Feeds

Oak Ridge goes gaga for Nvidia GPUs

Fermi chases Cell for HPC dough

Application security programs and practises

Hybrid futures

It would not be at all surprising to see a hybrid architecture for the future Oak Ridge machine that uses PCI-Express 2.0 links to hook Fermi GPUs into Opteron server nodes, just like IBM is using PCI-Express 1.0 links to hook Cell boards into the Opteron nodes with Roadrunner.

Jeff Nichols, associate lab director for computing and computational sciences at Oak Ridge, said in a statement that the Fermi GPUs, which have eight times the double precision floating point performance as the Teslas, at around 500 gigaflops, would enable "substantial scientific breakthroughs that would be impossible without the new technology."

Working with the future Tesla GPU coprocessors and their successors, Oak Ridge is hoping to push up into the exaflops barrier within ten years. Getting to 10 petaflops next year with a parallel super that uses the Fermi GPUs is just a down payment.

The important thing about the Fermi GPUs is that the CUDA programming environment from nVidia supports not just C, but C++ as well. When Fortran compilers can see and dispatch work to the GPUs, the combination of decent double-precision performance and C++ and Fortran support will truly push GPU co-processors into the mainstream. This is exactly what Nvidia, AMD (with its FireStream GPUs), and Intel (with its Larrabee GPUs) are all hoping for.

Cell multiplication

The question now is, what will Big Blue do to counter these moves onto its hybrid supercomputing turf?

Several years back, when the Cell chips were first being commercialized and offered terrible double-precision floating-point performance (like 42 gigaflops versus 460 gigaflops for a two-socket Cell blade), Big Blue's roadmap called for a Cell board with two sockets that could deliver 460 gigaflops of single-precision and 217 gigaflops of double-precision math. We know this blade server as the BladeCenter QS22.

The roadmap also called for a BladeCenter QS2Z, which would have Cell chips that in turn had two Power cores and a whopping 32 vector processors each, using a next-generation memory and interconnection technology; the QS2Z blade would sport 2 teraflops per blade at single precision and 1 teraflops per blade at double precision.

That's about twice the oomph in a Cell chip compared to the forthcoming Fermi GPUs. Oak Ridge knew that, of course, but maybe this future Cell chip never made it out of the concept stage, as it was in early 2007.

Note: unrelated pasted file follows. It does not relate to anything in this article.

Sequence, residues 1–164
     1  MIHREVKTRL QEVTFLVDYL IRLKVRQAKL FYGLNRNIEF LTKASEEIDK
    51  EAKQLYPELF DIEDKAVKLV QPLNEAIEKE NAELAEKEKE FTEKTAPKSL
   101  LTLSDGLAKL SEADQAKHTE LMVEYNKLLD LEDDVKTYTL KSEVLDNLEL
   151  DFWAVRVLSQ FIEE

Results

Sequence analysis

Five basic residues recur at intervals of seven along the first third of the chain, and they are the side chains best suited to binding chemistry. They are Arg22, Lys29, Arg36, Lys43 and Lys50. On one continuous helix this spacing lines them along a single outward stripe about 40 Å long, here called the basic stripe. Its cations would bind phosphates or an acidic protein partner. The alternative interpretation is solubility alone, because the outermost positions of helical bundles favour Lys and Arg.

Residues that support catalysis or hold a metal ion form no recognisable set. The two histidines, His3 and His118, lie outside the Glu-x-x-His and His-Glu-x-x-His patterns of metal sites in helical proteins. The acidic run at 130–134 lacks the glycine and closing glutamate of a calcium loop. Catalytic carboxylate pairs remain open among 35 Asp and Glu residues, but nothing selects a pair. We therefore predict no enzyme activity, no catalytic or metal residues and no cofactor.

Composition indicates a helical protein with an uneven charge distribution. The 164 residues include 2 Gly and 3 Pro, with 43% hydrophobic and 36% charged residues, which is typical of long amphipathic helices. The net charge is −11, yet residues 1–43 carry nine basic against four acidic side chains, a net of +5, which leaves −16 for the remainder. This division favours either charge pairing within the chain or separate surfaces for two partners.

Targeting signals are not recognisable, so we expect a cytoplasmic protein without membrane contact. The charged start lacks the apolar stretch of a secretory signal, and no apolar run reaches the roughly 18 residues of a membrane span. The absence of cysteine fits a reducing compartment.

IBM is mum on its Cell roadmap plans at this point, but this future Cell chip was slated for delivery in the first half of 2010, more or less concurrent with the Fermi GPU co-processors. ®

Eight steps to building an HP BladeSystem

More from The Register

next story
Sysadmin Day 2014: Quick, there's still time to get the beers in
He walked over the broken glass, killed the thugs... and er... reconnected the cables*
Apple fanbois SCREAM as update BRICKS their Macbook Airs
Ragegasm spills over as firmware upgrade kills machines
Amazon Reveals One Weird Trick: A Loss On Almost $20bn In Sales
Investors really hate it: Share price plunge as growth SLOWS in key AWS division
SHOCK and AWS: The fall of Amazon's deflationary cloud
Just as Jeff Bezos did to books and CDs, Amazon's rivals are now doing to it
EU's top data cops to meet Google, Microsoft et al over 'right to be forgotten'
Plan to hammer out 'coherent' guidelines. Good luck chaps!
US judge: YES, cops or feds so can slurp an ENTIRE Gmail account
Crooks don't have folders labelled 'drug records', opines NY beak
Auntie remains MYSTIFIED by that weekend BBC iPlayer and website outage
Still doing 'forensics' on the caching layer – Beeb digi wonk
Manic malware Mayhem spreads through Linux, FreeBSD web servers
And how Google could cripple infection rate in a second
prev story

Whitepapers

Top three mobile application threats
Prevent sensitive data leakage over insecure channels or stolen mobile devices.
Implementing global e-invoicing with guaranteed legal certainty
Explaining the role local tax compliance plays in successful supply chain management and e-business and how leading global brands are addressing this.
Boost IT visibility and business value
How building a great service catalog relieves pressure points and demonstrates the value of IT service management.
Designing a Defense for Mobile Applications
Learn about the various considerations for defending mobile applications - from the application architecture itself to the myriad testing technologies.
Build a business case: developing custom apps
Learn how to maximize the value of custom applications by accelerating and simplifying their development.